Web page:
What is the Chorda Tympani?

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  • Written By: C. Martin
  • Edited By: Andrew Jones
  • Last Modified Date: 15 August 2019
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The chorda tympani is a facial nerve that transmits neural impulses from the tongue to the brain, where these impulses are translated into the sensation of taste. The origin of the chorda tympani nerve is a branch of one of the major facial nerves, referred to as the seventh cranial nerve. This branch occurs in the facial canal, a bony canal at the side of the skull, approximately level with the eye sockets. From the facial canal, the chorda tympani is routed via the middle ear, running from front to back along the eardrum, or tympanic membrane. Emerging from the skull into the mouth cavity, near the base of the tongue, the nerve joins up with a cluster of nerve tissue called the submandibular ganglion, and then continues into the tongue, and innervates the cells at the front of the tongue.

The main role that the chorda tympani nerve plays in the sensation of taste is to detect tastes on the front two thirds of the tongue, and to transmit the appropriate nerve impulses to the brain. This function is carried out by means of sensory fibers within the nerve. In addition to these sensory fibers, the nerve also contains fibers of a different type, which serve to stimulate the submandibular and the sublingual salivary glands, causing them to produce saliva. A further function of these stimulatory fibers is to cause blood vessels in the tongue to dilate.


Chorda tympani anatomy is connected with a number of other, related facial nerves. The mandibular nerve transmits sensations of temperature, touch, and pain from the tongue. Another nerve, the glossopharyngeal nerve, transmits sensations of taste from the back third of the tongue to the brain. The vagus nerve innervates the epiglottis.

The mammalian taste system forms a complex feedback loop. The different nerves that are involved in this system have the ability to inhibit each other, which is how a person is able to become desensitized to a strong taste. For example, if a person holds a sweet with a strong sour flavor in his or her mouth, the taste will seem less intense after a while. The chorda tympani appears to serve an important role in inhibiting the signals from the other nerves involved in the sensation of taste. Chorda tympani damage can result in a disruption of the inhibitory function, causing the sensation of taste to become erratic and uncontrolled.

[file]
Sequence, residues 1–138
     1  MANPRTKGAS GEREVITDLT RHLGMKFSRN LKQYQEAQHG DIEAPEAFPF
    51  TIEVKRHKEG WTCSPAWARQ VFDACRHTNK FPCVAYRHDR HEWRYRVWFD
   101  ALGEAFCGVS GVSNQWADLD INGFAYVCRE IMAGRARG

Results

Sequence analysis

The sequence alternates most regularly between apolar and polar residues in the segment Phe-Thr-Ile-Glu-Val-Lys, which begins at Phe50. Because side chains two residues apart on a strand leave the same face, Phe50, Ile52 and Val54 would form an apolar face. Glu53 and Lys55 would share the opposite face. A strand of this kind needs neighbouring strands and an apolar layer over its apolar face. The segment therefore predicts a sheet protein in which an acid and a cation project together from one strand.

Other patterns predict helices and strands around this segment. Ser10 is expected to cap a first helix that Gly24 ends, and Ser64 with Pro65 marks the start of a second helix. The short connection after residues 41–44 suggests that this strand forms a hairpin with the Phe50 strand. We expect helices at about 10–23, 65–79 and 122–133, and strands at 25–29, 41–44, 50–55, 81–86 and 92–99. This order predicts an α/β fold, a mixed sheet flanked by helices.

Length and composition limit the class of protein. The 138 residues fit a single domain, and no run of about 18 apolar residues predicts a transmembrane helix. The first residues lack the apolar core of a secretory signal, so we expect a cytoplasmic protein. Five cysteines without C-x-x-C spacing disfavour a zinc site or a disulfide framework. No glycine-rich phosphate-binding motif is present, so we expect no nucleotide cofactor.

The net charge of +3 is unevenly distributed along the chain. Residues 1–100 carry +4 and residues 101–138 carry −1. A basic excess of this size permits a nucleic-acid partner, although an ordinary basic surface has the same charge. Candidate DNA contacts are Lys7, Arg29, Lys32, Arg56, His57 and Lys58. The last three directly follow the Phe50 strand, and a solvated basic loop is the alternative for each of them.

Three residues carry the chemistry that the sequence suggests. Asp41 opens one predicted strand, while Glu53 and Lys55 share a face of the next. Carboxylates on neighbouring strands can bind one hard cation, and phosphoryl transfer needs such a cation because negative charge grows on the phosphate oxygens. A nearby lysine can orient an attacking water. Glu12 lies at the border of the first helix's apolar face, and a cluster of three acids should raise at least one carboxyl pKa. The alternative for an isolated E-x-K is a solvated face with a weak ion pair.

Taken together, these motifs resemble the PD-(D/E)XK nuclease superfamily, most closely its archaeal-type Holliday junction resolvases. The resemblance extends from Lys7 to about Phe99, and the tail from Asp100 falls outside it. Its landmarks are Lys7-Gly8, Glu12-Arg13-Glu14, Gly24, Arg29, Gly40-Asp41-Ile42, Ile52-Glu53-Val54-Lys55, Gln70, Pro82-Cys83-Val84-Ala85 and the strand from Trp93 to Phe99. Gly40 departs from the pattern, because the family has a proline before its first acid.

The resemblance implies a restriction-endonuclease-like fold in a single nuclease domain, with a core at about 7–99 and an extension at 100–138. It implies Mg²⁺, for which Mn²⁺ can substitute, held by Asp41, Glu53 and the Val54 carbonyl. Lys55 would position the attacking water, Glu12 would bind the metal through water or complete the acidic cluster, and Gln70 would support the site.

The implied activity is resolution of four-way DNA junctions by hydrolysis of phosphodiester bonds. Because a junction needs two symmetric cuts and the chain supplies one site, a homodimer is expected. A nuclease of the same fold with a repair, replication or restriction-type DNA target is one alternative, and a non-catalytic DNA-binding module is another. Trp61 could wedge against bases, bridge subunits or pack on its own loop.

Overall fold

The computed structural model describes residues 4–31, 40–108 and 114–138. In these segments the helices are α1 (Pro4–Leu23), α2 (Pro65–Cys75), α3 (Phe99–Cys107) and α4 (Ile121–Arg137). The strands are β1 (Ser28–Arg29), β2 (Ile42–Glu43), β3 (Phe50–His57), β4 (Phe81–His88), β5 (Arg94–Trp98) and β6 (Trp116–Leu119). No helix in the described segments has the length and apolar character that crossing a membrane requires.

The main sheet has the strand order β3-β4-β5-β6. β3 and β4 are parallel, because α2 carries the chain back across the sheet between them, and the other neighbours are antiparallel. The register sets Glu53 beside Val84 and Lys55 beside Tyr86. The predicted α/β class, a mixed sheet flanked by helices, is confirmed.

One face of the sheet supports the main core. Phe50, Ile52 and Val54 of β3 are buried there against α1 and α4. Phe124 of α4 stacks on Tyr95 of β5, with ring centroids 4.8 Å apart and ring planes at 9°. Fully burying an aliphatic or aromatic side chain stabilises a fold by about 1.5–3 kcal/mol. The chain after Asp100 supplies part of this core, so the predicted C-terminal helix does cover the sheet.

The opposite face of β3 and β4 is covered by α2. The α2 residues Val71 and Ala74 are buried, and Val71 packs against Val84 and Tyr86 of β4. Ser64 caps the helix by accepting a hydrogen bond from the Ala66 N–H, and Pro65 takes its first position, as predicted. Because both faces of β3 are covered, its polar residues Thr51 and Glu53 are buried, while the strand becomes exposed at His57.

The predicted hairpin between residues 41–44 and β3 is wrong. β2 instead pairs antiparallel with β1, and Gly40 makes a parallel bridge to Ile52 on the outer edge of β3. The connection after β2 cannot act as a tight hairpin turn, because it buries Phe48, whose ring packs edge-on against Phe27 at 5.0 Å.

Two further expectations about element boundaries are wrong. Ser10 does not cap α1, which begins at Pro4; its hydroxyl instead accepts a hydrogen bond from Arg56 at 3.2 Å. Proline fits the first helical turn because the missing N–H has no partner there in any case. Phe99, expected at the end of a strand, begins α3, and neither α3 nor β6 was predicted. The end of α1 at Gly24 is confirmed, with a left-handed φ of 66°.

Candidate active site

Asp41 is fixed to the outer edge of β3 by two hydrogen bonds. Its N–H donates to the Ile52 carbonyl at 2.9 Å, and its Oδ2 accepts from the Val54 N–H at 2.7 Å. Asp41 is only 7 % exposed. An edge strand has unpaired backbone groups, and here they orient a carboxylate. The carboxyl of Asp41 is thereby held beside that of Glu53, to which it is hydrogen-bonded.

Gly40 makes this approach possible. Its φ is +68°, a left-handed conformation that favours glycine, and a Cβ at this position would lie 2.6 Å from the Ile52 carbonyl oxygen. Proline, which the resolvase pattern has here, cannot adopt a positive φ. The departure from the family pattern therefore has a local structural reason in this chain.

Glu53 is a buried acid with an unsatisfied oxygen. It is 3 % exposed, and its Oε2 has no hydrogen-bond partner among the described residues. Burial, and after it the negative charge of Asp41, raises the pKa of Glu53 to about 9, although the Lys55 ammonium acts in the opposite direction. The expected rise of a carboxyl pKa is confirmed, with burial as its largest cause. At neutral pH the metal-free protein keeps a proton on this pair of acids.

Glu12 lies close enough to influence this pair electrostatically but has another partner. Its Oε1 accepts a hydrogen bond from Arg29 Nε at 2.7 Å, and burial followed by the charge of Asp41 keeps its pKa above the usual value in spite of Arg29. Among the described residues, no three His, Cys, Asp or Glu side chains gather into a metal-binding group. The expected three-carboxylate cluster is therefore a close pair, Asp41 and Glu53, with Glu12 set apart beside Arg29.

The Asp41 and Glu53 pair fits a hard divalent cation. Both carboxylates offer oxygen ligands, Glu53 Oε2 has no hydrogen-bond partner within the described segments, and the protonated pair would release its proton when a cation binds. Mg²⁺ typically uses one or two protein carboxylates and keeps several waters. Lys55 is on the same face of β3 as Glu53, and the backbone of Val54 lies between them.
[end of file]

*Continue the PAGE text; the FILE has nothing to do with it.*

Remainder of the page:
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Post 4

@anon226075 - Post 3: I, too, have the same results after a stapedectomy. My first surgery was in July 2011, and had these side effects along with a strange dizzy sensation, neither of which has gone away. I had a re-surgery about six weeks ago, with no change. Have you had any improvement, and if so, did you do anything in particular to fix these symptoms?

Post 3

I have chorda tympani damage from a stapedectomy which I had nearly seven months ago now. This had caused a dry mouth and constant phantom tastes and distortions which never seems to get any better.

I've found that certain stimulants, like coffee, and strong tasting foods, like garlic and chili, cause several days of worse symptoms. This condition is very debilitating and if I could turn back time, I'd rather be deaf than have this constant discomfort.

My specialist has told me nothing can be done to help. If anyone has helpful suggestions or knows of anything I can do, please post on here as I am desperate.

Post 2

@Perdido - I am about to have tympanic membrane surgery, and I read a study conducted on the chorda tympani and how much it affects taste. The study mentioned that during surgery on the middle ear, the chorda tympani is often damaged or totally sacrificed.

Surgeons have varied opinions on whether it is better to try and preserve the chorda tympani and risk trauma to it or to go ahead and sacrifice it cleanly, which has been shown to cause less trauma at times. This particular study involved 31 patients who underwent middle ear surgery, and research showed that most of them recovered their tastes over time. However, in those whose chorda tympani was totally sacrificed, there was a 31% increased occurrence of permanent change in tastes.

Post 1

My sister had to have surgery to repair a perforation in her tympanic membrane. Her doctor discovered the perforation when she came to his office complaining of hearing loss and a recurring discharge. He saw that she had an infection that must have been with her for quite some time to have caused the damage.

During her operation, the surgeon placed a graft under her perforation to act as an object for the perforation edges to heal over. The surgery went well, though she did have a few short-term complications.

She had temporary chorda tympani nerve damage. Because of this, she had a metallic taste in her mouth for about five weeks. They had warned her that this could happen, so she was prepared.

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